Renisha McBride, the 19-year-old African-American shot by a white homeowner on his front porch as she sought help after a car accident in a Detroit suburb, will be buried today. McBride’s family and the Black community are angrily calling on authorities to arrest and charge her assailant.
They are comparing McBride’s death to the shooting death of Florida teen Trayvon Martin, 17, whose killer George Zimmerman was not arrested for months after the incident.
The case also has similarities to the shooting death of 24-year-old Jonathan Ferrell, a former football player at Florida A&M, who was gunned down by Charlotte, N.C., police when he approached the officers for help after his car hit a tree. That incident was prompted by a woman who called 911 and told dispatchers a man was trying to break into her home because Ferrell had been knocking on her door repeatedly seeking help.
In the case of McBride, her family challenged initial reports that the homeowner called police after the shooting, which occurred about 3:40 a.m. Saturday on the porch of a house in the 16000 block of Outer Drive in Dearborn Heights.
“The alleged assailant did not, according to reports, immediately notify the police that the shooting had taken place,” the family’s statement said. “It was reported that instead neighbors contacted police about the shooting. He has not, to date, been arrested.”
The Detroit Branch of the NAACP called for the shooting to be “investigated at every level.”
While the family issued statements saying McBride had been shot in the back of the head as she turned to leave the porch, Dearborn Heights police said that wasn’t true. Police said the homeowner told investigators his shotgun accidentally discharged, hitting the teenager in the face as she stood on his porch.
“This man’s claiming – believed the girl was breaking into the home. And he’s also saying the gun discharged accidentally,” Lt. James Serwatowski, chief detective, said.
“This girl was not shot in the back of the head while leaving the porch,” Serwatowski said “I don’t know where the family is getting this. She was shot in the front of the face, near the mouth.”
Like Florida, Michigan also has a stand-your-ground law, which allows individuals to use deadly force if they feel that their life is in imminent danger or that they are faced with physical harm or sexual assault.
The Wayne County Prosecutor’s Office has released a statement saying that it is awaiting further investigation by Dearborn Heights police before deciding whether any criminal charges will be authorized in the case.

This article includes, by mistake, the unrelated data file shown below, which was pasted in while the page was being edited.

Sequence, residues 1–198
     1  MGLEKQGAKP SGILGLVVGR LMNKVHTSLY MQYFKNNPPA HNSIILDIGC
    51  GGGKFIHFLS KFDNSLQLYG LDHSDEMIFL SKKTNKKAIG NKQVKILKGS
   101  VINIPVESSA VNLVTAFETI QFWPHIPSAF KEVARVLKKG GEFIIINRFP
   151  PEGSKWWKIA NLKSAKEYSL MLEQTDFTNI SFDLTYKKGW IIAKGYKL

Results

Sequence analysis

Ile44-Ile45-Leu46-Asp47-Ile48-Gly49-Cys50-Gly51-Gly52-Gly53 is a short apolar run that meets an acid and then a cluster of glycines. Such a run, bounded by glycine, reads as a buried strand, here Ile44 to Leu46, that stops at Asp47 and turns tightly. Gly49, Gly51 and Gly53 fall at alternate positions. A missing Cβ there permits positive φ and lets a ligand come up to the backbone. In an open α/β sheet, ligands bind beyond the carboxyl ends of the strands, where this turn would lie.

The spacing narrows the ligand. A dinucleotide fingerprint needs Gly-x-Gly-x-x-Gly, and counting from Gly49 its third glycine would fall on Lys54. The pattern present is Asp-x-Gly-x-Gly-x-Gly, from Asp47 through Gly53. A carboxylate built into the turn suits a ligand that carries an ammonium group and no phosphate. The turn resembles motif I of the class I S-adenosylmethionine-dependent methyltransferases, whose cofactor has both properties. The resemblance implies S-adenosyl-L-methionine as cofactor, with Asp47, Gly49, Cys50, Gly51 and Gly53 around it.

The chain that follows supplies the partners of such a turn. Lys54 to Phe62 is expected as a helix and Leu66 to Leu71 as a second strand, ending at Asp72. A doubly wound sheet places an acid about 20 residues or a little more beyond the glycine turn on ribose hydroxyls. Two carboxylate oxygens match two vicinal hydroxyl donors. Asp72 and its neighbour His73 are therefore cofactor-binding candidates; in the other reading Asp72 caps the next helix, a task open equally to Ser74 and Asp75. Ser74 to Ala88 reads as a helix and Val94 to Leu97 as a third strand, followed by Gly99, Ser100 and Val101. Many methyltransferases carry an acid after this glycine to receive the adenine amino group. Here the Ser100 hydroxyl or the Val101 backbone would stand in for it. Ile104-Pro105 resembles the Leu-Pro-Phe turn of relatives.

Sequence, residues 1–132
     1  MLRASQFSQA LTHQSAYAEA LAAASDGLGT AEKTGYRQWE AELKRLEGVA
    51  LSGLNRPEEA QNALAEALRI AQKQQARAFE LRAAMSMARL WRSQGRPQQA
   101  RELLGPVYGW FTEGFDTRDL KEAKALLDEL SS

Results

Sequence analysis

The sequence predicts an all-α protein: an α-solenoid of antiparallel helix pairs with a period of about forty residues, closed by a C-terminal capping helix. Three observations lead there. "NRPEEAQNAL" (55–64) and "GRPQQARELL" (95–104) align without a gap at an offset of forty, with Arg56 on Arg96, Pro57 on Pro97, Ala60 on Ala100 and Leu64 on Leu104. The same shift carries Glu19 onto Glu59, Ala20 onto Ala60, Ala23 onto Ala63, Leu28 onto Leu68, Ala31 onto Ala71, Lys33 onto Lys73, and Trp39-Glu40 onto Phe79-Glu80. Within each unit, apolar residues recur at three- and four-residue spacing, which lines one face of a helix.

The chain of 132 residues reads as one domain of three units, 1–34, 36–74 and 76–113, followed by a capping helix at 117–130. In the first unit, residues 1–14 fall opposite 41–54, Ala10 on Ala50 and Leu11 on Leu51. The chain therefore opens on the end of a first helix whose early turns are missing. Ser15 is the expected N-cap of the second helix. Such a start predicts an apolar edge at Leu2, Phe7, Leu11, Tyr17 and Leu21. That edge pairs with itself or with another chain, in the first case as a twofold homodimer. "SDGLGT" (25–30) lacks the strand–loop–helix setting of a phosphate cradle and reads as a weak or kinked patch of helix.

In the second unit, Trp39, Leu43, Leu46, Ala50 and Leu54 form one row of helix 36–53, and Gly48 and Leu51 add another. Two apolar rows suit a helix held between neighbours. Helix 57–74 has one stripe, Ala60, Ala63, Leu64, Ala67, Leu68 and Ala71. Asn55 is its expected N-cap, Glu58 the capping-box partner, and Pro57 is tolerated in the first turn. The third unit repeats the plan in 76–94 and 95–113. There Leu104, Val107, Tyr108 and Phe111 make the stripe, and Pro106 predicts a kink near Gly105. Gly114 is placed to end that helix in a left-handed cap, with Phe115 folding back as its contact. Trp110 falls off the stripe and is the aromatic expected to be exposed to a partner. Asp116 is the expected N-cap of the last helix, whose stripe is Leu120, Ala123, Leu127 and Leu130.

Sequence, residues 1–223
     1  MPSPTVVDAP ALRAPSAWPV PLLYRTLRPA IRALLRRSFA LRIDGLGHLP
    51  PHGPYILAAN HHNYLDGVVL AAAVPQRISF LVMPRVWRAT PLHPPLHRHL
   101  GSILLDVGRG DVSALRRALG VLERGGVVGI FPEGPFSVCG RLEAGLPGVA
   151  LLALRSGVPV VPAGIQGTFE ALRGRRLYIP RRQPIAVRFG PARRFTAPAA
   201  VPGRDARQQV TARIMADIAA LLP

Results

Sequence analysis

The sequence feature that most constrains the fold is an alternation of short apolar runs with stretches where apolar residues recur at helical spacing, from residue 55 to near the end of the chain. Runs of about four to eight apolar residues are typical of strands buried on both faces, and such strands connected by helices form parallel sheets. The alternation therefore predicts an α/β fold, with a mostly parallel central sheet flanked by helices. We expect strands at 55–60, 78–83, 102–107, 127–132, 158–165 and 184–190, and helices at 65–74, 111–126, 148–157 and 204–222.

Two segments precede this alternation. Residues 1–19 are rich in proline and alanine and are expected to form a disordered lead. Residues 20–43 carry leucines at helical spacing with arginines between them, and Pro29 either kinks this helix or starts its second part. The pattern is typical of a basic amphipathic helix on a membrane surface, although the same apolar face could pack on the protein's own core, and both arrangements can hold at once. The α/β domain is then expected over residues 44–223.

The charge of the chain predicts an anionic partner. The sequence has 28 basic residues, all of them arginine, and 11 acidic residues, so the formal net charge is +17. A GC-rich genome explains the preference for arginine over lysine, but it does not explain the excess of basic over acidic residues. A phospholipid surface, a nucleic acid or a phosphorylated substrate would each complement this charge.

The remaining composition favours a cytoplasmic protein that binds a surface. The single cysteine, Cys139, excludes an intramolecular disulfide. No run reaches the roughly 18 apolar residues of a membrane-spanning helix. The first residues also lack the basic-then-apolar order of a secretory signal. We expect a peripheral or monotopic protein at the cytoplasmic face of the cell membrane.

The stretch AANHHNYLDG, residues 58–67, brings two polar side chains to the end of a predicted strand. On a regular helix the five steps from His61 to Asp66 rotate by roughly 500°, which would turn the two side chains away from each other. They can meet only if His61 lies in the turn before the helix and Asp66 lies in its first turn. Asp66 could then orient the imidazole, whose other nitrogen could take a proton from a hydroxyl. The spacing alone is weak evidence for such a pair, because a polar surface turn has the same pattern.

“I know the family is anxious to see this man (the alleged shooter) charged, but the prosecutor’s office is telling us they want a lot more information before they make a decision,” Serwatowski said.
McBride’s family said the teen was involved in an auto accident and had gone to the house on Outer Drive for help.
“I’ll confirm that she was in an accident in Detroit and that she left the accident scene, and then some hours transpired” before the shooting, Serwatowski said.
While Serwatowski said the shooting occurred about 3:40 a.m. and the accident happened at about 1:30 a.m., he declined to say what police believe McBride was doing before and after the accident.
Serwatowski said the homeowner’s .12-gauge shotgun was seized by police and is being analyzed by the Michigan State Police Crime Lab.
Activists rallied over McBride’s death outside the Dearborn Heights Police Station last night.
“Black life is not valued in America, not worthy, not respected,” activist Yusef Shaker said at a rally, which was also organized by writer Dream Hampton and Detroit rapper Invincible. “Here was a woman who was seeking help from potential danger and her life was taken…It’s a Trayvon Martin case all over again.”
According to relatives, McBride had been involved in a crash in her white Ford Taurus, about four blocks away from the house where she was killed. Disoriented, she had been walking through the mainly white neighborhood, knocking on doors and seeking help.
While police have refused to identify the shooter, they said he was believed to be in his 50s.
While the city of Detroit, where McBride lived with her mother, is 83 percent black, the suburb of Dearborn Heights is 86 percent white.
McBride had recently started working on the inspection line at a Ford car plant in nearby Dearborn.
“She was sweet. She didn’t get into trouble,” McBride’s aunt Bernita Spinks told the Detroit Free Press.